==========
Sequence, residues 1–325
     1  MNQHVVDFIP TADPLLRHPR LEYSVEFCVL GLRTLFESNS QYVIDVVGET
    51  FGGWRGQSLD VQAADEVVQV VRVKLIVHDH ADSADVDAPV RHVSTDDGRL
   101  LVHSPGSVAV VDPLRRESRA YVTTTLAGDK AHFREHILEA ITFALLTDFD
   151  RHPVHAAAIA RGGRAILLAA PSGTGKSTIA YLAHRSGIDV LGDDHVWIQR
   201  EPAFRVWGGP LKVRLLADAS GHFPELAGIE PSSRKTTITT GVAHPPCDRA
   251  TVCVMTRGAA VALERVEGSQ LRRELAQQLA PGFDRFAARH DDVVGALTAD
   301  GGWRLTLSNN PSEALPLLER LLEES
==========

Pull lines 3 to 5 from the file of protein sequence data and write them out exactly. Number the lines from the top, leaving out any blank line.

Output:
    51  FGGWRGQSLD VQAADEVVQV VRVKLIVHDH ADSADVDAPV RHVSTDDGRL
   101  LVHSPGSVAV VDPLRRESRA YVTTTLAGDK AHFREHILEA ITFALLTDFD
   151  RHPVHAAAIA RGGRAILLAA PSGTGKSTIA YLAHRSGIDV LGDDHVWIQR